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Old Viper Tester

F-4E 73-1175 422FWS

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F-4E 73-1175, 422nd Fighter Weapons Squadron, 57FWW, Tactical Fighter Weapons Center, Nellis AFB, 1980-81. My test jet for the First Article Acceptance Test of the Aerial Gunnery Target System, a version of the SECAPEM target.

73-1175 422fws WA KLSV 19810100 25cr

 

Despite the checkout shown below, and my request to do a ground release test ("We don't do that in operational testing."), our first deployment of the target was an ignominious event with both the target and the tow pod dropping from the aircraft and impacting on Dog Bone Dry Lake on the Nellis Ranges! :doh:

73-1175 422fws WA KLSV 19801200 14cr

 

73-1175 422fws WA KLSV 19801200 14cr1 w callouts

 

The A/A37U-33 AGTS consisted of two separate pods. One pod contained the nylon towline and served as the towline connection to the aircraft. The smaller target pod contained a fabric mesh "tetraplane" for visual augmentation, which would deploy when the towline was fully extended, and a microphone on the nose for scoring miss distance as the shockwaves of the bullets passed the target. A control panel for the target replaced the ECM pod control panel in the cockpit. The tetraplane had a radar reflector to aid tracking by the shooter.

The image below is a screen shot from a SECAPEM marketing video for the TAXAN system, a current version of the AGTS, showing the tetraplane target (very similar to the 1980 target).

Screen Shot 2018-09-13 at 6.03.26 PM

 

Thanks for looking,

Sven

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Oo, Oo, Oo!......the 'how longs a piece of string' question....:whistle:

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4 hours ago, whiskey said:

How long was the nylon cord used to tow the target?

My recollection is that it was 1,000 feet when packed. It stretched quite a bit when deployed. For reference, the cable for the TDU-10 dart was (is?) 1,200 to 1,500 feet. We tested the AGTS using Combat Dart and Butterfly Dart patterns, which result in relatively high-angle engagements; the tow aircraft establishing a turn and the shooter shooting from inside the tow aircraft arc. Poor form if you shoot from outside the arc and hit the tow aircraft!

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Haha I was gonna say , one would have to be a pretty big schmuck if you hit the tow bird! I'd feel ever worse for the pilot of the tow aircraft than anyone else!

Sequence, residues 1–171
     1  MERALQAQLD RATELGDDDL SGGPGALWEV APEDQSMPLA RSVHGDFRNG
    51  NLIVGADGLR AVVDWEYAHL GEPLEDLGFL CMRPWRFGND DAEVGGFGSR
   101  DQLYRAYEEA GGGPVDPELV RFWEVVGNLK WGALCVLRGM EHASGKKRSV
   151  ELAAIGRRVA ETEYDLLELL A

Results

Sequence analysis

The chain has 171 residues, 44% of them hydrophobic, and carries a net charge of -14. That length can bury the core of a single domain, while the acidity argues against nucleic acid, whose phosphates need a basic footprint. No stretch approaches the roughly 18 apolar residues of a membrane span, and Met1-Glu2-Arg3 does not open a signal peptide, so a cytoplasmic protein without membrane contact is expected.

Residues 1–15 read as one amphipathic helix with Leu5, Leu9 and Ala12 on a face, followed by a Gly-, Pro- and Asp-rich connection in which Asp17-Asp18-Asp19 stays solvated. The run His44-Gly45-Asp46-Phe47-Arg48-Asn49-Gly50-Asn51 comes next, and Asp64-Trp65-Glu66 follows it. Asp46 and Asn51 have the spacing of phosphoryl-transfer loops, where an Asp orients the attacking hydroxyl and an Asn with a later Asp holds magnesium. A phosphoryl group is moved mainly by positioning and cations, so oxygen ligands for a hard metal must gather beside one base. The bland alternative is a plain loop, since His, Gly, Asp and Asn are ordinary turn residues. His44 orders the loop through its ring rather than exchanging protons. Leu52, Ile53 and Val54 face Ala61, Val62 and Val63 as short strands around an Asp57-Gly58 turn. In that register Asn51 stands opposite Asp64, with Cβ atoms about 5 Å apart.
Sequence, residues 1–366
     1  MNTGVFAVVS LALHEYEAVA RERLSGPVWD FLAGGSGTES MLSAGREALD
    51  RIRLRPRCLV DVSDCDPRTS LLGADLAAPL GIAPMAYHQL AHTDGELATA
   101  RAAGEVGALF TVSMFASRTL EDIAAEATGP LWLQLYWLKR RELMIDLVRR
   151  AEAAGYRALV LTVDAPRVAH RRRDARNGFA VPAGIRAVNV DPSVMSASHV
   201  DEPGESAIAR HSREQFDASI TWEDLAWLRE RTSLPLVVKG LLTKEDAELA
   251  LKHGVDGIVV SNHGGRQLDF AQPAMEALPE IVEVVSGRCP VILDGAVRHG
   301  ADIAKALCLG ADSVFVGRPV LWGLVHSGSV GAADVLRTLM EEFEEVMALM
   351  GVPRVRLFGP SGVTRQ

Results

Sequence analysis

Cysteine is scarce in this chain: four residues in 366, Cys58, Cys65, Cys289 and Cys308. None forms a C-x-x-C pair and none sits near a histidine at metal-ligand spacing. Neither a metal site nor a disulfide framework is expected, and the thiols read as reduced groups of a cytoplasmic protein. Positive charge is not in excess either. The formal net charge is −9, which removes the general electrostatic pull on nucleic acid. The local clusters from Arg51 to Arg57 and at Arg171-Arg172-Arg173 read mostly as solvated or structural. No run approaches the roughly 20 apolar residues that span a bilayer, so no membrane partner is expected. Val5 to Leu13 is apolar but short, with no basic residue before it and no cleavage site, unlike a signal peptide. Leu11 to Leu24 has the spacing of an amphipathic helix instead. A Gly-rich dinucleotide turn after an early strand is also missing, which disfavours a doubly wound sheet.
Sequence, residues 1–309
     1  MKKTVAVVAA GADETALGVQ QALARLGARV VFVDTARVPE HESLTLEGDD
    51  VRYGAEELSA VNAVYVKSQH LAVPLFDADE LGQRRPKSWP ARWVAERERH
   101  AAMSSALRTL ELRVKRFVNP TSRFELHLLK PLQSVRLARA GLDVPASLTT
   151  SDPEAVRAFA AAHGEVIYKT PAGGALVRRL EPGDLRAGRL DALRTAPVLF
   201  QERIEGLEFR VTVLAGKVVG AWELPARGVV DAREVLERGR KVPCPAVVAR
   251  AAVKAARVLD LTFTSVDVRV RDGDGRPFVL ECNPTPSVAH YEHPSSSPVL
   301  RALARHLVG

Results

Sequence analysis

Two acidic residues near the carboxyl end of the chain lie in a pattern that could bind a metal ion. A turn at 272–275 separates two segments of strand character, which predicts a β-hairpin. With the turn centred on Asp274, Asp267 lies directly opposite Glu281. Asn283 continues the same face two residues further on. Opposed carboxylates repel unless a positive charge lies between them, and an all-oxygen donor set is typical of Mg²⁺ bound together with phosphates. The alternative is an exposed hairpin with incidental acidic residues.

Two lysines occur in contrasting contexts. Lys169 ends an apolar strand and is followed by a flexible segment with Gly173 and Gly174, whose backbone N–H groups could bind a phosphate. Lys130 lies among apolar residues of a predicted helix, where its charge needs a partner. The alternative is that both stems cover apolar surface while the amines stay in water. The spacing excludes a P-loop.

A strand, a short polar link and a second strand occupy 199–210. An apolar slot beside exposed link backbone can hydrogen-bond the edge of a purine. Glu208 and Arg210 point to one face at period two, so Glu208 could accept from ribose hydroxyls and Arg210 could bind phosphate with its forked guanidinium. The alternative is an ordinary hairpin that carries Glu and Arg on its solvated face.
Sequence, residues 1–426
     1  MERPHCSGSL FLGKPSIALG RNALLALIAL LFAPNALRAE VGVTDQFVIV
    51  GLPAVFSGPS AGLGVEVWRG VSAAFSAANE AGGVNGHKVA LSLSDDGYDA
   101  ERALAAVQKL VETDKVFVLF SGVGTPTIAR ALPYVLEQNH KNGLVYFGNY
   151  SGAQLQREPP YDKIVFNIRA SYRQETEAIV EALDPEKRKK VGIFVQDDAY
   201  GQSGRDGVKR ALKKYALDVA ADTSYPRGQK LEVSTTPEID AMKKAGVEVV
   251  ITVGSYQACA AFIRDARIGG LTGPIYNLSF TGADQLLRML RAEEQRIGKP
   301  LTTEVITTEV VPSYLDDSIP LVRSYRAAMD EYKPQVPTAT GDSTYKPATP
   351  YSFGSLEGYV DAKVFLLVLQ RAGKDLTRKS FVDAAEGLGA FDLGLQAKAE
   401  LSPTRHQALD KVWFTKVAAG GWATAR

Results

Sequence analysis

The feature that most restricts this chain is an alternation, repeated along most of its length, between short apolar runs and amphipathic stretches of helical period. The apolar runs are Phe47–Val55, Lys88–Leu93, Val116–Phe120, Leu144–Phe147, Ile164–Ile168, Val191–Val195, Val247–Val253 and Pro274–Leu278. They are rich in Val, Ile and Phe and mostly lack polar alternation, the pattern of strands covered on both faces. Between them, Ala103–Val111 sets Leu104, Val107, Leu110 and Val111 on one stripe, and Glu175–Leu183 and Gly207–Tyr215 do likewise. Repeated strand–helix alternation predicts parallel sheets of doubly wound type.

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good info there Sven. Is this the only aerial target system that utilises two pylons? I've never heard of that before

 

Andy

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Sven,

 

First off, thank you as always for posting these great photos! 73-1175 was one clean Phantom! BTW, I noticed the different color on the forward part of the radome- was that a different color or type of paint? Maybe a rubberized anti-erosion coating? Just curious, but I never really noticed this before- now I'm going to have to go back and look at ALL of my F-4 reference photos!

Mike

 

Like Roseanne Roseanna Danna used to say on Saturday Night Live, "It's always sumthin!"

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4 hours ago, Red Dot said:

Is this the only aerial target system that utilises two pylons?

As far as I know, it was the only one that used two pylons. The newer Secapem TANAX version holds the target pod and the towline inside a larger pod - target deployment looks a little like the parent pod is giving birth.

 

1 hour ago, 72modeler said:

Maybe a rubberized anti-erosion coating?

Yes, it started to show up on newer replacement radomes in the mid-70s. A variation is used on F-15 radomes, maybe that's where the idea came from. When the radome is first fitted the difference in color/texture is hardly noticeable. Weathering makes them more noticeable on both the F-4s and F-15s - some but not all, so maybe it depends on the prevalent weather conditions? On some of my photos I can see a demarcation line, but the color variation is slight or non-existent. On F-15s we sometimes referred to it as an erosion boot.

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